Jesus doesn’t promise us freedom from calamities. He doesn’t present himself as the Superman who swoops down to rescue you from danger. That isn’t what God does. At times we wonder why God doesn’t rescue us from danger. Why do bad things happen to good people? Why couldn’t God have fixed this or stopped it from happening at all or healed the people we care about? Why couldn’t God have stopped a war from starting at all? If God is so all knowing and all-powerful God certainly could have jumped in and changed the situation. God could have prevented tanks and soldiers from invading Ukraine. God could have prevented someone from falling off a cliff. God could have stopped someone from getting sick. Probably so, but that isn’t what God does.


I wish I had an easy answer to why it is that God doesn’t always save the day. I have wrestled with this question over and over. An inadequate answer I have come to is this: if God always swooped in to prevent calamities from happening, why would we need faith? If we knew that no matter what we did or what happened in our life God would come and fix it, wouldn’t we do whatever we wanted because we wouldn’t suffer any consequences. We just might jump off a building because we know that God will catch us. What kind of faith would we have in a God that would fix anything that we do?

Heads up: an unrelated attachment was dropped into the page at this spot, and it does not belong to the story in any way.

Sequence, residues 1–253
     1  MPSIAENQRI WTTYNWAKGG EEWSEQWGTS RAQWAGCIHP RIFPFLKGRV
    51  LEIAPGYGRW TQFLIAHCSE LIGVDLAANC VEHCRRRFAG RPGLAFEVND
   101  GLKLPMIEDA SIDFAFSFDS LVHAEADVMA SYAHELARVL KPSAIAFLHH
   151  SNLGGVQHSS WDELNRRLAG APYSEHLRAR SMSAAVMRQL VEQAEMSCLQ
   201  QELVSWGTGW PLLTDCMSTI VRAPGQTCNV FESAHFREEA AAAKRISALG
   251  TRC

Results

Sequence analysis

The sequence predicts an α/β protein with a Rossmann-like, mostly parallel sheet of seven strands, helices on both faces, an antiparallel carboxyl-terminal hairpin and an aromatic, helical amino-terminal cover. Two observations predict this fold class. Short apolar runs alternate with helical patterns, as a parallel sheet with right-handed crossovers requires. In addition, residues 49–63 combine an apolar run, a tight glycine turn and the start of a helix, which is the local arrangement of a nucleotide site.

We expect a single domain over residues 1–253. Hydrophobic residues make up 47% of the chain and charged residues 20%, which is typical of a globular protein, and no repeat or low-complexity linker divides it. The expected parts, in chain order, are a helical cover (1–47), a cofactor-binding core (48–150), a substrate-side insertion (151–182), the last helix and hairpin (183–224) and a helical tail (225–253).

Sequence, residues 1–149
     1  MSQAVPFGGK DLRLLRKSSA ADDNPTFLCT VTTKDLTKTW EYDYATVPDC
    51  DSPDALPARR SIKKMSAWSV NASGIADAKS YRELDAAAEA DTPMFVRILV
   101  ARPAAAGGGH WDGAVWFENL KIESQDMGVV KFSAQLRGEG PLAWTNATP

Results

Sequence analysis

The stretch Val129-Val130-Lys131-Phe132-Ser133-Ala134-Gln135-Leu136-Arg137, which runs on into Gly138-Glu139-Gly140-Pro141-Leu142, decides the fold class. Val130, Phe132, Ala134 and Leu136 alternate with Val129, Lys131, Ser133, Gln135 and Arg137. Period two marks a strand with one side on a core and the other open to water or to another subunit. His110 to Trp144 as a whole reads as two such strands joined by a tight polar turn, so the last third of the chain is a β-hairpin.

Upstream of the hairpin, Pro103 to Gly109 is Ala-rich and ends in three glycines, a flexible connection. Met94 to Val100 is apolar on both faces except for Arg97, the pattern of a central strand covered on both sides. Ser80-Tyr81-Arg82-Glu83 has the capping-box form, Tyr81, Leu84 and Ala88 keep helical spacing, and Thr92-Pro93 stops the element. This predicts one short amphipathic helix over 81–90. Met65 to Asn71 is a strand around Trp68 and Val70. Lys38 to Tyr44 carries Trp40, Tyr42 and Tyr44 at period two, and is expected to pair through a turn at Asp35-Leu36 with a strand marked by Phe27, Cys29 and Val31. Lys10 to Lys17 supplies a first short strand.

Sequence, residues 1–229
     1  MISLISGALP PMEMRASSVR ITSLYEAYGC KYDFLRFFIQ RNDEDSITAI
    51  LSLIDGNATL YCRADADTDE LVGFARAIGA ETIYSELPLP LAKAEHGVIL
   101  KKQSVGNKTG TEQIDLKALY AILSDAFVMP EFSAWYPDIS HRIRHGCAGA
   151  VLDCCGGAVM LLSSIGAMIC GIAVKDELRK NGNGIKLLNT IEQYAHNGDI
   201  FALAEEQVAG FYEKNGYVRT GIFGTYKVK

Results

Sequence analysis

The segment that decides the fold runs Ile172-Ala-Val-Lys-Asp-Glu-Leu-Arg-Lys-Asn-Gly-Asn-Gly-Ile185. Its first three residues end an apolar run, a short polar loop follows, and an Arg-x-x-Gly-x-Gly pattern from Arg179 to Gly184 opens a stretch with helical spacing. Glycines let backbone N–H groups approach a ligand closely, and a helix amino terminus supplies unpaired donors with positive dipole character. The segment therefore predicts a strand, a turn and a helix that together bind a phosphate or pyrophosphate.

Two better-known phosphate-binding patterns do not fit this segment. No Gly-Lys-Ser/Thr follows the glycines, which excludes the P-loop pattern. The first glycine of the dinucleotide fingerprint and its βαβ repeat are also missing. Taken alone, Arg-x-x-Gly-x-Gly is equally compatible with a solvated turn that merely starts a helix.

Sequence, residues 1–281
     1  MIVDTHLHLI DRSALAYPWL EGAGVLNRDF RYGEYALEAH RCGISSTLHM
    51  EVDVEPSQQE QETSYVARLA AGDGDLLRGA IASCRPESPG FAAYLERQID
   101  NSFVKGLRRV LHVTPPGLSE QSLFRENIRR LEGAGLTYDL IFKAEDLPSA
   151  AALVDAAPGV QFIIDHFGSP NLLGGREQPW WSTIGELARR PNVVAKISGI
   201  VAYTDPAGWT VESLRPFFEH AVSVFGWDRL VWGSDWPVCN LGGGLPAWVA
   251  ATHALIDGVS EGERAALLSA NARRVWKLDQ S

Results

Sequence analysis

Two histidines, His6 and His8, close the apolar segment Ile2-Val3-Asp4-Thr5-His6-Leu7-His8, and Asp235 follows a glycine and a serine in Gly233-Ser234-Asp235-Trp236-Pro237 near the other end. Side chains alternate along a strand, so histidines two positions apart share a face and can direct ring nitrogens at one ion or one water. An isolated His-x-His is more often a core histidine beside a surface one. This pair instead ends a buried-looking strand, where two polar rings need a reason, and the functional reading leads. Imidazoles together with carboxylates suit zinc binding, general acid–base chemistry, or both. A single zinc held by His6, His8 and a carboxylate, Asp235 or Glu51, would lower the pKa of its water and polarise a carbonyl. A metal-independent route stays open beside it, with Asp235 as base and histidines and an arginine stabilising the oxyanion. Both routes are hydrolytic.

Faith requires us to trust that God knows what God is doing, especially when it doesn’t make sense to us. Faith, for us, is about our growth in learning to trust God. Knowing in our heads that God is all-powerful and all-knowing is one thing but believing it in our hearts is another thing all together.